Julián Castro Wants To Redefine Which Immigrants Have 'Merit'
Democratic presidential candidate Julián Castro has a plan to change immigration policy in the U.S. The former Housing and Urban Development secretary wants to address immigrant detention, family reunification and the immigration court system.
In stark contrast to current policy, he also wants to decriminalize crossing the border illegally, a plan he outlined in a Medium post in April.
"For a long time in this country we actually did not treat crossing the border as a criminal act. We treated it as a civil violation," Castro told NPR. "A lot of the problems that we see in the system today flared up after we started treating it as a criminal offense."
President Trump has taken a hard line on illegal immigration, declaring a national emergency at the southern border. Last week, he proposed a dramatic change to the legal immigration system to prioritize certain job skills over people seeking asylum or those who have relatives in the U.S.
Castro disagrees with that approach.
Asked whether the Democratic Party and his plan specifically might be too far left for even the Democratic electorate, Castro insists he is "on the right path."
"I don't care first about what the party approach is; what I care about is getting this right for human beings," Castro said.
Castro spoke with Morning Editionas part of the show's Opening Arguments conversations, exploring the presidential candidates' core messages.
On his proposed shift away from detention of migrants
What it means is that we're not going to separate little children from their families ... we're not going to routinely put people in detention. Now if somebody has committed a crime, then of course you're still going to sometimes have the ability to detain somebody. But let's just say a mom that has come here with her little baby, I would not incarcerate those folks. I would not treat them as criminals. ...
So we actually have ways that have been established to ensure that people actually return for their court dates, because a lot of people ask: "... if you just let these folks go, aren't they going to go off and never return for their court date?" Well, actually, people recognize that they have a responsibility.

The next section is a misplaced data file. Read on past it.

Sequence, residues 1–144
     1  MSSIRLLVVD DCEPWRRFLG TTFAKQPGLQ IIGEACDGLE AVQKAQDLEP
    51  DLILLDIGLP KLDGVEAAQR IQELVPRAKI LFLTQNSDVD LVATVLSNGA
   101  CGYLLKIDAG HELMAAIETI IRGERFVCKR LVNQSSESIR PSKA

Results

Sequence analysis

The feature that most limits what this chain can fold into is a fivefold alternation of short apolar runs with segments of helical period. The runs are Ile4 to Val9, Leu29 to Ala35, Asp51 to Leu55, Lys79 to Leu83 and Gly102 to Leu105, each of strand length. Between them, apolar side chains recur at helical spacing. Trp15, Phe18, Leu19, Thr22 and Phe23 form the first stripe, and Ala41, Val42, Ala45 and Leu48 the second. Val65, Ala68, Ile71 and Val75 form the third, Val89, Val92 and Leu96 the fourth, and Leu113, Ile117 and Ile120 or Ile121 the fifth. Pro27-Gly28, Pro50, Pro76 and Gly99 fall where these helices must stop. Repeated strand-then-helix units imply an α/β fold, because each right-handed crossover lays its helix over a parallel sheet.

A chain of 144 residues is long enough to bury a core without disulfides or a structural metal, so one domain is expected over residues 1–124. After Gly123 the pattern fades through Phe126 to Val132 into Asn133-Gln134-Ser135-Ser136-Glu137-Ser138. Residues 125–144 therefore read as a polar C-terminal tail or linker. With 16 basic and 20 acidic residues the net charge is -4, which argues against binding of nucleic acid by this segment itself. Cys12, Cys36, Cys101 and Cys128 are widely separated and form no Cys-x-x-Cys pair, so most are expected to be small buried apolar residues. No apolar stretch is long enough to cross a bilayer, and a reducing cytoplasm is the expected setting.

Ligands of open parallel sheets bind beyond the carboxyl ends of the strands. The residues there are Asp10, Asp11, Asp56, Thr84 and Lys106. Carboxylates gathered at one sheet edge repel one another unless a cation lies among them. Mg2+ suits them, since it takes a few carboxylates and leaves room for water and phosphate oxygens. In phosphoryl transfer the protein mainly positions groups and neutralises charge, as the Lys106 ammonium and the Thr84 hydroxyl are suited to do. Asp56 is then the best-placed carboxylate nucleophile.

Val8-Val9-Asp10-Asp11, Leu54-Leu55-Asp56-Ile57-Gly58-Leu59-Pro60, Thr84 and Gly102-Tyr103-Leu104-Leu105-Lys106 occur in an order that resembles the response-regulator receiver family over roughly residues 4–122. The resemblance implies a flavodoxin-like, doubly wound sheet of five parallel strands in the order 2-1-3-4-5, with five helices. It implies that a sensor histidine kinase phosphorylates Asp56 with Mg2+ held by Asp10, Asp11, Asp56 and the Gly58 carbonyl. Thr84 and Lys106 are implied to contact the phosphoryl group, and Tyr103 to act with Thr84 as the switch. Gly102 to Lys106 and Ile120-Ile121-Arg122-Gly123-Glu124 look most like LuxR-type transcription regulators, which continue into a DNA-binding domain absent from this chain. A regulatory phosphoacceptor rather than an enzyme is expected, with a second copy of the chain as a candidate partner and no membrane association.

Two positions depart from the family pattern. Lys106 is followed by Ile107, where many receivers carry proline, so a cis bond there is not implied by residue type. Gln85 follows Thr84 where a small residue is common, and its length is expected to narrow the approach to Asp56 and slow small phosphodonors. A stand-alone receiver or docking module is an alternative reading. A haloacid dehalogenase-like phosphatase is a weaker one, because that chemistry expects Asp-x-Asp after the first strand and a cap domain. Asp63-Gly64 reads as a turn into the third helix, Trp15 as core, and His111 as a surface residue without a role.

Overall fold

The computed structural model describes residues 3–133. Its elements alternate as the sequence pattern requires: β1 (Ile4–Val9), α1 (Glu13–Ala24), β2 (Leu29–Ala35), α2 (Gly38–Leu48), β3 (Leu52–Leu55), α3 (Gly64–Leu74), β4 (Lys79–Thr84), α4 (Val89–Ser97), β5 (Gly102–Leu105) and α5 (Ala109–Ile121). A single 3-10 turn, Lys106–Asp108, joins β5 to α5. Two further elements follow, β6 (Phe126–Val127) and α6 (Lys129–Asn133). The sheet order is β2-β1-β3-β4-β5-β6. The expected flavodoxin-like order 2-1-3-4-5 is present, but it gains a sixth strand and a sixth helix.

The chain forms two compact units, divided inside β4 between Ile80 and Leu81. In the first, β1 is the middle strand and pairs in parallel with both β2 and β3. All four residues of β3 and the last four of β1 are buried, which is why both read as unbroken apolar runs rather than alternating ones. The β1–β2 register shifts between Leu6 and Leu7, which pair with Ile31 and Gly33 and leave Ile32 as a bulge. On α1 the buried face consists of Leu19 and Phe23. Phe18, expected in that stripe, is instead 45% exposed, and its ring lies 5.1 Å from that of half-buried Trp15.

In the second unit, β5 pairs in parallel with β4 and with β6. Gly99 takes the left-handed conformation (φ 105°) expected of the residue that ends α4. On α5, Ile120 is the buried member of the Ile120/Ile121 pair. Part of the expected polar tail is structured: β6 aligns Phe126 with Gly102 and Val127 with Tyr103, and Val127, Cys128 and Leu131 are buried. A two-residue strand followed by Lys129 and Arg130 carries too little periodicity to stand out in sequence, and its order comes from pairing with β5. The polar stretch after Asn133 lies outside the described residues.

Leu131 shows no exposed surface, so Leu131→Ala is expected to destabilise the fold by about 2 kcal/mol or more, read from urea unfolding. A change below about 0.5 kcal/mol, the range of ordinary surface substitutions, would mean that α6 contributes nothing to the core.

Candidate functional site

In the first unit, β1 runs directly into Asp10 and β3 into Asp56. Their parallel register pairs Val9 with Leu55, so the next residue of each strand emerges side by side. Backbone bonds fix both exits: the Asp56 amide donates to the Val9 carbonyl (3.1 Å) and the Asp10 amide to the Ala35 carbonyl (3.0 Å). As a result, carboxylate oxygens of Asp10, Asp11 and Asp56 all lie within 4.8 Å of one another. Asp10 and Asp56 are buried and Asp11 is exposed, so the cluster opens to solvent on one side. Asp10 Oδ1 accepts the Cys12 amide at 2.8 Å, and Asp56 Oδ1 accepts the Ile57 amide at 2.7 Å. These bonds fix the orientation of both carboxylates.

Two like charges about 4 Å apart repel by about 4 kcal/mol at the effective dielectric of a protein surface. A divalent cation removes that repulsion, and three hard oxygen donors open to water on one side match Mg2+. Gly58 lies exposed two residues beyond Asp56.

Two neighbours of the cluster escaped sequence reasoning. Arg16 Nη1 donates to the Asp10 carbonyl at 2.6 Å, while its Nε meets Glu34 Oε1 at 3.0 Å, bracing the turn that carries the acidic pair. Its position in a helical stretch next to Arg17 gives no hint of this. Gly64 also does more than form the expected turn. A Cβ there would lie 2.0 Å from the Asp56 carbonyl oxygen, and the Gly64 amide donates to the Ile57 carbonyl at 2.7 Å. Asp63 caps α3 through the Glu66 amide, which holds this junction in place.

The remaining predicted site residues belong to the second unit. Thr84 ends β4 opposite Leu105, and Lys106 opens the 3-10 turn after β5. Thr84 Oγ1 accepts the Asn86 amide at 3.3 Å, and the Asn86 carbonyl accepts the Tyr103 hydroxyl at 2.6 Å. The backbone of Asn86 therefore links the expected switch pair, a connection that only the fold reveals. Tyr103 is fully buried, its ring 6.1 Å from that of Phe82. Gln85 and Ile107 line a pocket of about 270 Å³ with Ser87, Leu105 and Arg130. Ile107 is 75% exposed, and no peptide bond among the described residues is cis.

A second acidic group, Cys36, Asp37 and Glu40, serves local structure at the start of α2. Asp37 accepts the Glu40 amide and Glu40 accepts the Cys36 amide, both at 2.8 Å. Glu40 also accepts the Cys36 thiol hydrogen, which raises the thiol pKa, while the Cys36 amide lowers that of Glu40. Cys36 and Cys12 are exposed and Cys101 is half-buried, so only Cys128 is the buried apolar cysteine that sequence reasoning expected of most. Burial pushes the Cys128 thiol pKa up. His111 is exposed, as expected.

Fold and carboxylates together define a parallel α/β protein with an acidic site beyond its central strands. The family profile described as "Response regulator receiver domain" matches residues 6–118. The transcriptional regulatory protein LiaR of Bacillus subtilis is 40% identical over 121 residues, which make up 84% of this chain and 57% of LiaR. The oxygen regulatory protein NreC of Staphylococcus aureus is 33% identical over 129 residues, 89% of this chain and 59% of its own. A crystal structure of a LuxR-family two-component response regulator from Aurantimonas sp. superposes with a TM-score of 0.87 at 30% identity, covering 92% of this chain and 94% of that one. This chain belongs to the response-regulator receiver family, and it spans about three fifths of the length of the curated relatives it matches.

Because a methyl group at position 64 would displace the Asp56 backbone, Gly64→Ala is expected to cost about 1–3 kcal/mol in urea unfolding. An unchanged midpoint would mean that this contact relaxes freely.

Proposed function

On President Trump's proposed "merit-based" immigration system
I disagree with the president on this. First of all, I'd ask folks to think about what we consider a "skilled" job today. Do you think that you could go and spend 10 hours picking a crop in the fields of California? Do you think that you could spend 10 hours in 102 degrees, underneath the blaring sun on a roof in Texas? That is skilled labor.
But this merit system that the president has set up says that only certain people have merit. My grandmother came over here when she was 7 years old with her little sister in 1922 from Mexico with nothing. And they came over because their parents had died. I don't know that she ever would've made it in if we use the rules that this president wants to use. And yet two generations later, one of her grandsons is a congressman and the other is a candidate for president of the United States.
On whether it's worth reaching out to the other side in the current political environment
I think it's always worth reaching out to the other side. It's always worth trying. ... At the same time I watched [Senate Majority Leader] Mitch McConnell over the eight years that President Obama was in office do everything that he could to try and stop any kind of successes for President Obama. And so I'm not naive.
If the choice is between universal health care or fixing our broken immigration system or upholding a 60-vote filibuster rule that is nowhere in the Constitution, I'm going to choose actually making progress for the American people.
I do believe that being in public office is all about making choices. And if I'm president, I would steer this nation in a direction where we embrace progressive values.
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